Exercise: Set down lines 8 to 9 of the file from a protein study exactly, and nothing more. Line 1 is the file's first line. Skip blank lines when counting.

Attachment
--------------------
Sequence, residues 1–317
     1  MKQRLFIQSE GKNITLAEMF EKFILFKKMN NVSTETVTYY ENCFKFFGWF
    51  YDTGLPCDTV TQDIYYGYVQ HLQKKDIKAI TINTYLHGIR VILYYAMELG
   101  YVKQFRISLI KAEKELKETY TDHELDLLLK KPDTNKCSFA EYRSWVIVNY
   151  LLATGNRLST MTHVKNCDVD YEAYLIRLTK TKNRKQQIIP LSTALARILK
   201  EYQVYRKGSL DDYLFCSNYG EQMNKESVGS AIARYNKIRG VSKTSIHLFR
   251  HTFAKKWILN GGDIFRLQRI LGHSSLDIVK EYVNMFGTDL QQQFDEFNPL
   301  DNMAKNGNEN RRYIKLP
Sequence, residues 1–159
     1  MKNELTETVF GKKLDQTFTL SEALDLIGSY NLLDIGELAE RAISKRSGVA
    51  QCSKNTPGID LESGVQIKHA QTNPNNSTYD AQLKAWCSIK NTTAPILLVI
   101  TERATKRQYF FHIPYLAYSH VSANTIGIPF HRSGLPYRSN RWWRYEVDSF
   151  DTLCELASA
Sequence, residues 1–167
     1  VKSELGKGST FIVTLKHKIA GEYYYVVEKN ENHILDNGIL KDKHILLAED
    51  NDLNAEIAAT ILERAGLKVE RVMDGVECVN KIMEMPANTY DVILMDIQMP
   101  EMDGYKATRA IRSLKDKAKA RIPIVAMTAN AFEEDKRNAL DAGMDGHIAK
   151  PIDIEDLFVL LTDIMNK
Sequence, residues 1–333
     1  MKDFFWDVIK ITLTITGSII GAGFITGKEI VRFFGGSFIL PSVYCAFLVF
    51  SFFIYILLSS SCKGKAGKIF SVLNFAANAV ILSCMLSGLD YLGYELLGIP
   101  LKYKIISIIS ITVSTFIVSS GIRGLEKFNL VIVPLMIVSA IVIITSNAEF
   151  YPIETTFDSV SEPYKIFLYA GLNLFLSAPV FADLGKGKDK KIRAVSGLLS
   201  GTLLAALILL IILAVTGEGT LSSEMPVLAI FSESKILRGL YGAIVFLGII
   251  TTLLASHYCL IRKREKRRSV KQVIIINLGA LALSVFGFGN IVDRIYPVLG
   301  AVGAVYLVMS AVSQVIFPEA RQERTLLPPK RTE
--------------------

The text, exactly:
   301  DNMAKNGNEN RRYIKLP
Sequence, residues 1–159